Life and Letters of Thomas Henry Huxley, Volume 2

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Page 296 - Now whatever is intelligible, and can be distinctly conceived, implies no contradiction, and can never be proved false by any demonstrative argument or abstract reasoning a priori.
Page 503 - Royal Commission on the Practice of subjecting Live Animals to Experiments for Scientific Purposes, 1876.
Page 67 - It is a curious thing that I find my dislike to the thought of extinction increasing as I get older and nearer the goal. It flashes across me at all sorts of times with a sort of horror that in 1900 I shall probably know no more of what is going on than I did in 1800. I had sooner be in hell a good deal — at any rate in one of the upper circles, where the climate and company are not too trying.
Page 265 - I do not hesitate to express my opinion that, if there is no hope of a large improvement of the condition of the greater part of the human family; if it is true that the increase of knowledge, the winning of a greater...
Page 200 - It is quite conceivable that every species tends to produce varieties of a limited number and kind, and that the effect of natural selection is to favour the development of some of these, while it opposes the development of others along their predetermined lines of modification.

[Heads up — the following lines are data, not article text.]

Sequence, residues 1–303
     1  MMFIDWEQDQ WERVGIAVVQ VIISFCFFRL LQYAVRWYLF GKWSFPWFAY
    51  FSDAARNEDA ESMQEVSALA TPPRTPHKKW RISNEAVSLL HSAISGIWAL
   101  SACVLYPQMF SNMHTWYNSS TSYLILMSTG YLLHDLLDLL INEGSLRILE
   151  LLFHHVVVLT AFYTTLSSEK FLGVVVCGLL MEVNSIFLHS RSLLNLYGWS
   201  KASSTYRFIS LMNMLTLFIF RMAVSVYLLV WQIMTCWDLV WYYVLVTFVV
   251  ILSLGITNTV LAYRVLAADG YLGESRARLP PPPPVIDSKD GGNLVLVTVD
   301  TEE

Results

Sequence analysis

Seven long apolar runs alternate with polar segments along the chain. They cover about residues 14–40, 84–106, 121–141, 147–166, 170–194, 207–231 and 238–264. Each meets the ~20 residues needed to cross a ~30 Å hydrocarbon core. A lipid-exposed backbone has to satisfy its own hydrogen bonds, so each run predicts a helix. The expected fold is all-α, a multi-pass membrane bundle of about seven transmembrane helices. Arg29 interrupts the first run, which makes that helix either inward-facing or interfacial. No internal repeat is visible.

Page 400 - ... an unmistakable and vigorous protest in the most gracious and dignified speech of thanks. Throughout the subsequent special sessions of this meeting Huxley could not appear. He gave the impression of being aged but not infirm, and no one realized that he had spoken his last word as champion of the law of Evolution.
Page 285 - ... there is nothing of permanent value (putting aside a few human affections), nothing that satisfies quiet reflection — except the sense of having worked according to one's capacity and light, to make things clear and get rid of cant and shams of all sorts. That was the lesson I learned from Carlyle's books when I was a boy, and it has stuck by me all my life.
Page 493 - Preliminary essay upon the systematic arrangement of the fishes of the Devonian epoch.
Page 381 - As for your criticisms, don't you know that I am become a reactionary and secret friend of the clerics ? My lecture is really an effort to put the Christian doctrine that Satan is the Prince of this world upon a scientific foundation.
Page 455 - Stanley could believe in anything of which he had seen the supposed site, but was sceptical where he had not seen. At a breakfast at Monckton Milnes's, just at the time of the Colenso row, Milnes asked me my views on the Pentateuch, and I gave them. Stanley differed from me. The account of Creation in Genesis he dismissed at once as unhistorical ; but the call of Abraham, and the historical narrative of the Pentateuch, he accepted. This was because he had seen Palestine — but he wasn't present...

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